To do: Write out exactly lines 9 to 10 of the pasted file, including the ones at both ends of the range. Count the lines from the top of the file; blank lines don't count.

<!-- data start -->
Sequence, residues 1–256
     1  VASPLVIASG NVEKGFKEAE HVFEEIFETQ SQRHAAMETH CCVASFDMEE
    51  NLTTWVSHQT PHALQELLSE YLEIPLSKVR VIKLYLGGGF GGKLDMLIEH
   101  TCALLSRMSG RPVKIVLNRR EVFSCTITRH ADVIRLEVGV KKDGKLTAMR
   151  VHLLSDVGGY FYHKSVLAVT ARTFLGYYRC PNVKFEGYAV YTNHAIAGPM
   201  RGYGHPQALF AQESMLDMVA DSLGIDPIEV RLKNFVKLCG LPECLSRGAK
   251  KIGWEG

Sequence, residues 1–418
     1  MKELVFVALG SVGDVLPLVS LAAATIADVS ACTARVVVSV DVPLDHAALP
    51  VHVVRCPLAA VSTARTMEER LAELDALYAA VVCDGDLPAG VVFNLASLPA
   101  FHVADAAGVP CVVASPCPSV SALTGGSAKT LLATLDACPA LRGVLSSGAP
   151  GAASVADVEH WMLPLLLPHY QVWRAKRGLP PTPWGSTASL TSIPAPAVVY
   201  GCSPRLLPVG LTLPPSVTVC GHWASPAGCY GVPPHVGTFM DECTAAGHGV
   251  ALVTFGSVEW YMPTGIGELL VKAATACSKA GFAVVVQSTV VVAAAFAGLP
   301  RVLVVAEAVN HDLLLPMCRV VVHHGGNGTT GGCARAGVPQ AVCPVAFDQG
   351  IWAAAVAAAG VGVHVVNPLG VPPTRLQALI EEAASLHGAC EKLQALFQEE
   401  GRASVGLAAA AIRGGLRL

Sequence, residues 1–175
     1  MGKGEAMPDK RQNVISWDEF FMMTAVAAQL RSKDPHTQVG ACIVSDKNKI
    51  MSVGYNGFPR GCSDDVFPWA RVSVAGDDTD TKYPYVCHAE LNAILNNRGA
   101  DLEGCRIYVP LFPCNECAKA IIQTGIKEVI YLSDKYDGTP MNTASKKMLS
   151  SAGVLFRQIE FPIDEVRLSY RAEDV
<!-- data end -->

     1  MKELVFVALG SVGDVLPLVS LAAATIADVS ACTARVVVSV DVPLDHAALP
    51  VHVVRCPLAA VSTARTMEER LAELDALYAA VVCDGDLPAG VVFNLASLPA